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Birthday at an orphanage
[34] General[2013-12-07 06:22:00]

Q: Earliest memory that you think was influential in your life, or earliest memory that was a major event. With a bit on how that event of influence effected you physically,mentally,spiritually, or whatever really.
A: There are many, but for now I think I’ll go with my birthday at an orphanage – it was my mom’s idea and it was the only birthday as a child where I did not get any presents. It made me distinctly aware of human pain and suffering later on in my life as well as thankful for what I have.

When I was a child, my parents tend to invite many people (100+) to attend my birthday party. Part of it is because I do have a lot of relatives, but most of it was because the birthday party was not so much for my benefit, but for my parents' building and/or maintaining their social and professional network. I typically knew less than 10% of the attendees as my my parents usually did not invite my friends (although sometimes my mom would invite teachers from my elementary). Still, I usually enjoy playing with the children who attended my party even if I never met them before (and would never meet them again). I also enjoyed the cake, leftover party favors, and whatever gifts I happen to receive.

There was one birthday, however, that my mom decided to hold at an orphanage. I distinctly remember getting into the car, not getting an answer when I asked my parents where we’re going, and possibly complaining about how long it’s taking to get there, wherever “there” is. When we arrived, my parents unloaded the cake and party favors into one particular classroom filled with children who I think were around my age. As I stood awkwardly by myself in front of the class, they sang “Happy Birthday” to me in a disconcertingly synchronized but emotionless tone – nobody smiled and all eyes just looked at me blankly. Afterwards, all the students lined up in a quiet, swift, organized, and trained manner to receive the party favors. As I give each child a party favor, they said thanks in a mechanical and flat tone, looking as emotionless and blank as before.

On the way home, I kept asking my parents whether they brought my birthday cake home because I hadn’t eaten any. They asked me instead if I knew where we were and explained that it was an orphanage where children without parents go. To this day, I’m still unsure what my mom intended by holding my birthday in that manner and I still find myself wishing that I had eaten even a bite of my birthday cake.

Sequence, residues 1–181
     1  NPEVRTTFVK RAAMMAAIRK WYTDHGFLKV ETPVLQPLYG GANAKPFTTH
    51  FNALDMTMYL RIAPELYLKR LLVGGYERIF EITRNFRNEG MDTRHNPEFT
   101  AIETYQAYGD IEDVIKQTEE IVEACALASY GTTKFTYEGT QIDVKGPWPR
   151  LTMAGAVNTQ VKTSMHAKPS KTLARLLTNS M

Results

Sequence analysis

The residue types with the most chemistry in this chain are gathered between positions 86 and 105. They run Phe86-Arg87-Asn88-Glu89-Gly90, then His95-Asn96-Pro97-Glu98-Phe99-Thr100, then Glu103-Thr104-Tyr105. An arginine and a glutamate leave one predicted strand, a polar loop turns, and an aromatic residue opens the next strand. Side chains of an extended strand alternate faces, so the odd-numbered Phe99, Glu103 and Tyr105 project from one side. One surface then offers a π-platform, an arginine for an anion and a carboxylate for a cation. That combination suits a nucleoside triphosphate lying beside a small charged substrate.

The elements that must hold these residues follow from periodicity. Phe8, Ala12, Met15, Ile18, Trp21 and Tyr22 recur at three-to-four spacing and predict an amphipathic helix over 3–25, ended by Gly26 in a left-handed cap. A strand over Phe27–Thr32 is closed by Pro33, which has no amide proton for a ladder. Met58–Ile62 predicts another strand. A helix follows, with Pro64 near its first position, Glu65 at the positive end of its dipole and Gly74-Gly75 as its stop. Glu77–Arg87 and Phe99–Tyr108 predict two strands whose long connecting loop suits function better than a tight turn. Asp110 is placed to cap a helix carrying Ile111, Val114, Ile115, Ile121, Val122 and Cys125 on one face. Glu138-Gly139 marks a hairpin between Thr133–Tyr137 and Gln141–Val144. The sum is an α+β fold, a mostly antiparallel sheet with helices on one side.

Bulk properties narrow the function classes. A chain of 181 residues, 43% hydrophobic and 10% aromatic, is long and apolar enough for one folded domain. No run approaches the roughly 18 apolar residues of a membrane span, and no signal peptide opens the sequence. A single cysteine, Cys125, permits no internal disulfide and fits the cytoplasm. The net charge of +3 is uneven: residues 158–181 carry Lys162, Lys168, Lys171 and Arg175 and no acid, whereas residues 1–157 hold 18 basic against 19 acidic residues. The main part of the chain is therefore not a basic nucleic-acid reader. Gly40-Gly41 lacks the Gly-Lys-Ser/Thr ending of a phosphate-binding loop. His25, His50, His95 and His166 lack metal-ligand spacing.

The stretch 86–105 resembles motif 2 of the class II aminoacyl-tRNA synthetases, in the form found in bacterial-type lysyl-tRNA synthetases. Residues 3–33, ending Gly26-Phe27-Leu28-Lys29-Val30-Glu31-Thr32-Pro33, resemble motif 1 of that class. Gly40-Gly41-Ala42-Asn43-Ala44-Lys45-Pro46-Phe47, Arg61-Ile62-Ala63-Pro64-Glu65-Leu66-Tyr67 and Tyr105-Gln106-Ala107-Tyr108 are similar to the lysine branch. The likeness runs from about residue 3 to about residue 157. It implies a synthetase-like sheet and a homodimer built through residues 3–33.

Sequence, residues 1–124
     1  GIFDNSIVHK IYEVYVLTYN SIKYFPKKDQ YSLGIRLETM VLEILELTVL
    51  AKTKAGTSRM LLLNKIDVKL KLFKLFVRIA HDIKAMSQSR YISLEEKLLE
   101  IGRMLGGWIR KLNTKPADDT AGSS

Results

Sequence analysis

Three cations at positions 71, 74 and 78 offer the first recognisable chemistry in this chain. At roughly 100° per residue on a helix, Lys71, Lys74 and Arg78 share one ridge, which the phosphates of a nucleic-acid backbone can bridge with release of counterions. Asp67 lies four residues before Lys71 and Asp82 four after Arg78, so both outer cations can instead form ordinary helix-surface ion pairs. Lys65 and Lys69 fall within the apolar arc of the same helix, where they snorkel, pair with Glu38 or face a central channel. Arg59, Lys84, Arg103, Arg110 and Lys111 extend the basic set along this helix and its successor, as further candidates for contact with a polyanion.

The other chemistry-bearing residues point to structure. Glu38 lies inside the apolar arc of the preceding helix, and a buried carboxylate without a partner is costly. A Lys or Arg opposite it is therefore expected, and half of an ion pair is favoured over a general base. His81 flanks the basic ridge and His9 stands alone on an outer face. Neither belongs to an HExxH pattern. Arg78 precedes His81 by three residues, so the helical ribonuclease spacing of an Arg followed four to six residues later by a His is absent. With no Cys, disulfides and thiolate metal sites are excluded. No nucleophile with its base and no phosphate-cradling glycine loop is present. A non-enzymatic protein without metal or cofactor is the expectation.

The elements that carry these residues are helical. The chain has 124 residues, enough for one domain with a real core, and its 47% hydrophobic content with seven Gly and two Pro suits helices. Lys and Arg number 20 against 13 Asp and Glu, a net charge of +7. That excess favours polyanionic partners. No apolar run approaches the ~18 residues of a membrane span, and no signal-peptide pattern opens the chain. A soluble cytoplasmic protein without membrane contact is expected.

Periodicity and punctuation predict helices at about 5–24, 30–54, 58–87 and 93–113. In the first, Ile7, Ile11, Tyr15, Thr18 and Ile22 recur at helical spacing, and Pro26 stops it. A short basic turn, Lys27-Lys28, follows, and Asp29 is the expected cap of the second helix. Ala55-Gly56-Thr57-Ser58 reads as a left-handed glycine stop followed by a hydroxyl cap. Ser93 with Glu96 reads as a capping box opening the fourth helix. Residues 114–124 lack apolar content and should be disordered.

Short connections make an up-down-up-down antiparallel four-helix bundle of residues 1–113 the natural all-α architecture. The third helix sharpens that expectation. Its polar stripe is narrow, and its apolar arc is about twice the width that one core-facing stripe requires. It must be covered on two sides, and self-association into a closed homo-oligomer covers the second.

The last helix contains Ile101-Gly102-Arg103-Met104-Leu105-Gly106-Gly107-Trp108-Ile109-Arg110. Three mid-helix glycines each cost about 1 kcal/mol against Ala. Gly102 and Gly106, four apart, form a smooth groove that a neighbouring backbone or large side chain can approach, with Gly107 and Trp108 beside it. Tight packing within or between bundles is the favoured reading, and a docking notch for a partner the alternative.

Later, I thought the point was to pity and “rescue” those less fortunate than me – which resulted in me developing an unhealthy “hero” or “savior” complex for most of my teenage and young adult life. However, the more I tried to help people out (often to my detriment), the more I noticed a pattern: 1) I can only help people who wants to be helped by me, and 2) my help will be ineffective, even detrimental when it is provided unsolicited or without knowing what the person I’m trying to help really needs (made more difficult in that people don’t always know what they need – they only know they’re unhappy).

Gradually, with revelations from the Bible and corrections from my wife, I realized that it is not my place to “save the world” but rather to simply love God and everyone around me, following in Jesus’ example in doing what God wants me to do. The fact is that even Jesus, being the Messiah, did not presume that people wanted His help or sacrifice, asking people what they want Him to do for them before doing it (e.g. Mark 10:51, Jesus asking the blind man what he wants from Jesus) or acting only after a request for help (e.g. Luke 17:11, ten lepers asking Jesus to have pity on them).

Soapbox message: There are a lot of pain and suffering in the world and I pray to God that I can be of assistance. However, with the understanding that not everyone wants my help and that it truly is God who can help, I’m careful to offer help only when it is warranted or invited, and to not insist on helping people who do not want my help (there are also people who only says they want my help but they’re really just trying to manipulate or take advantage of me – but that’s a different topic). As for me, I’ve come to rely on God to find out how I might be of assistance to everyone around me, as well as relying on God to complete any good work I have started. How do you determine whom to help and to what extent?


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